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11 Comments

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11 responses to “Assorted issues for praticioners

  1. 1. I’ve been on the writer end of that R&R before. Got a strong R&R, made the requested changes, then got rejected, based on the changes. Not fun. I don’t really have any advice on that, though.

    2. “Internet ghetto” just strikes me as all kinds of wrong. For one thing, calling it a “ghetto” makes me cringe a bit. Now, reserving the back row or two of class for people with wandering mouses seems perfectly suitable. But don’t call it a ghetto and why require email opt-in?

    3. I will never EVER give a live interview. Even a person with good verbal filters and are capable of phrasing their argument exactly like they want it get their words twisted. We don’t me out their, twisting my words before they ever even get ahold of them. If you can get Obama on tape calling Kanye a jackass, there’s no hope for any of us.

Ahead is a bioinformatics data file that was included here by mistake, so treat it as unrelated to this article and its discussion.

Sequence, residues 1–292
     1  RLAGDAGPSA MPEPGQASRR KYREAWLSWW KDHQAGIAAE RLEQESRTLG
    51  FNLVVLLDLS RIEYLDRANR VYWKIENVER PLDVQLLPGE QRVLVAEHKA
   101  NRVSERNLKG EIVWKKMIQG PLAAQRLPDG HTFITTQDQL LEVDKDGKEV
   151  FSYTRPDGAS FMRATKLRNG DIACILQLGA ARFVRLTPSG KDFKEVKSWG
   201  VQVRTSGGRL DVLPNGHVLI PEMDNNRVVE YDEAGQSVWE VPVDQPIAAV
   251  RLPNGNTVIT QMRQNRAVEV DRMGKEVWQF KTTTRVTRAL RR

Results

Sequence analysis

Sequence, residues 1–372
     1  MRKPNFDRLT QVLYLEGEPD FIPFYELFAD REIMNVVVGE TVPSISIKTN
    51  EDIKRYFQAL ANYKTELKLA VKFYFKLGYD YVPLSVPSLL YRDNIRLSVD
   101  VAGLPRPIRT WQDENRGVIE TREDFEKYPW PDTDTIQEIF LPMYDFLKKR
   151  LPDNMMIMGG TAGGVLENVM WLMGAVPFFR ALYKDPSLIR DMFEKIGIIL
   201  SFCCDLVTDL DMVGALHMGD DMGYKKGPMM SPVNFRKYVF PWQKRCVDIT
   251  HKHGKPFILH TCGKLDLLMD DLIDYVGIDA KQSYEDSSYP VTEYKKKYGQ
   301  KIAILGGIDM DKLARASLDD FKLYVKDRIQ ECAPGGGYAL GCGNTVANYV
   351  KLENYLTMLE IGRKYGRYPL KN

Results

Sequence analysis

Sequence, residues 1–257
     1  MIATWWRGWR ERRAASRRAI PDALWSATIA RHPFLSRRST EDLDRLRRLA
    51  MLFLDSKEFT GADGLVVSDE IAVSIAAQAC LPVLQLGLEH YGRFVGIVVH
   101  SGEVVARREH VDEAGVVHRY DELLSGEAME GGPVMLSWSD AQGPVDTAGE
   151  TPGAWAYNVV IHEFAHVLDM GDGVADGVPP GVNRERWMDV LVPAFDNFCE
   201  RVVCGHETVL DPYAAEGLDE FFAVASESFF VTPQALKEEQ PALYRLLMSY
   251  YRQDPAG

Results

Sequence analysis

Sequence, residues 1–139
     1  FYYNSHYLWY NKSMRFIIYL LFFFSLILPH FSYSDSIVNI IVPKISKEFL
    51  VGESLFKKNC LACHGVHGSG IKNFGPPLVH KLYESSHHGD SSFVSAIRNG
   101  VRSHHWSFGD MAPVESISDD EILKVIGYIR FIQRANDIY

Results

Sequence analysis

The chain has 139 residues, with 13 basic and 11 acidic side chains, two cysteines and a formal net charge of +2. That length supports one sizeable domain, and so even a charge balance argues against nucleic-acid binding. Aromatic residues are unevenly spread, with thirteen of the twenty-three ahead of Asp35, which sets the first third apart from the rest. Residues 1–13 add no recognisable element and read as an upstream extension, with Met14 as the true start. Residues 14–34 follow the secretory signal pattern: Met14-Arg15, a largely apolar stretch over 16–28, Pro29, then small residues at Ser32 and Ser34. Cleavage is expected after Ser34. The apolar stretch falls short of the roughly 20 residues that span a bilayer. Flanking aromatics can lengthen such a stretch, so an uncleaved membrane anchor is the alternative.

2. #1 is a tricky issue. i think a big reason so many published articles are so hedged, modestly ambitious, more concerned with robustness than enlightenment, and generally boring is that peer reviewers demand that the paper demonstrate robustness to all sorts of potential (and often far-fetched) spuriousness, back off of unsupported claims, etc, and then having demanded these things accept the now convoluted and unambitious revised paper out of a sense of contractual obligation or hubristic pride (“of course the paper is better, the author took my suggestions”).

    lately in my peer reviews i’ve tried to mitigate this problem by being deferential, demanding fairly little of the author but giving a lot of suggestions that I explicitly describe as being at the author’s discretion.

    anyway, have you considered retracting some of the suggestions and saying, go ahead and do it the original way?

    on a similar set of issues, here’s a retirement essay by an econ editor who has been trying to reduce the number of R+Rs.

  3. I wonder, is it possible to avoid this kind of selective editing on behalf of news reporters

    Hostile, friendly, sober, pissed … Never Trust a Journalist.